Rethinking Roe v. Wade

Things have been quiet here on the blog, but I have recently added a honkin-big study on the main site: A Fuzzy Workaround for Roe v. Wade. If you are pro life, it could be the most important article you read this year, or even decade. It outlines a legal strategy for restricting abortion which doesn’t require overturning the core logic of Roe vs. Wade! In other words, we need not wait until the Republican Party successfully elects five conservative presidents in a row in order to do something about a practice which has a disturbing resemblance to genocide. We might get a useful victory through the existing court.

I say “could” and “might” as I am not a lawyer and don’t play one on TV. Read the article yourself and ponder the implications. Come back here and comment or use the Disqus comments on the article page proper. If you are a lawyer, I would absolutely love to hear your opinion, either via comment or email.

Let’s save some lives — soon.


Join the Conversation

1 Comment

  1. Roe is settled law. The last two GOP appointees on the Court refused to overturn it when given the chance in the Partial Birth Abortion Act case, using the Commerce Clause instead. They could have easily used the Fourteenth Amendment’s enforcement clause as giving Congress the right to enforce said Amendment, especially on the issue of the start of life. Doing that would forever foreclose state action on this issue – which would be a good thing as we don’t need abortion states and non-abortion states anymore than we needed slave and free states. The issue that must also be created is the impact on any “personhood” legislation on how we deal with miscarriages. Should they be investigated by legal authorities? If they occur after personhood, they would have to be and tort relief would be available for the loss of the child, making insurance companies very nervous in issuing malpractice insurance for anyone seeing patients at that stage of pregnancy. Equal protection and law do not like fuzzy concepts. Rules tend to be precise. Miscarriages tend to occur until the 12th week, so the 13th week would seem to be the standard the Congress might agree on, save of course enacting an exemption for the life and health of the mother – with the health being defined as terminating any pregnancy that is doomed to fail as soon as possible to reduce medical risk. That would exclude Downs Syndrome children from abortion – but such a standard would not really change the abortion statistics that much, since most terminations occur during the first trimester (90%).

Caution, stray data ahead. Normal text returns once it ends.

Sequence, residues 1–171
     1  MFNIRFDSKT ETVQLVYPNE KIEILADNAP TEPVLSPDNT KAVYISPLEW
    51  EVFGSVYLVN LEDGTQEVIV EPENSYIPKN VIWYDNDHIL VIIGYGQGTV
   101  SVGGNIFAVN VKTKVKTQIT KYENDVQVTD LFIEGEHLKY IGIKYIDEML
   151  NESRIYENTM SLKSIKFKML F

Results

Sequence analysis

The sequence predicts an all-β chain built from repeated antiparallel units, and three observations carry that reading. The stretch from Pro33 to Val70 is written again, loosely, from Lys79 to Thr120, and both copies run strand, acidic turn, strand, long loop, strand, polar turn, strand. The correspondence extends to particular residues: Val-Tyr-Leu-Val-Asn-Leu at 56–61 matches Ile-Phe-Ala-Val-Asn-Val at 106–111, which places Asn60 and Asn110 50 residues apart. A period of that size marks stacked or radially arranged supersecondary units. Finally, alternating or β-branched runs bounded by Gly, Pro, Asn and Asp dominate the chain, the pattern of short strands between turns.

A better way to fight abortion is to make raising a child affordable by giving a much larger citizen or tax subsidy for each child – on the order of $1000 per month per child with funding from both the state and federal sides. That might just stop more than 70% of abortions (along with making sure young people can afford to keep their kids, get married and still finish college.

Leave a comment

Your email address will not be published. Required fields are marked *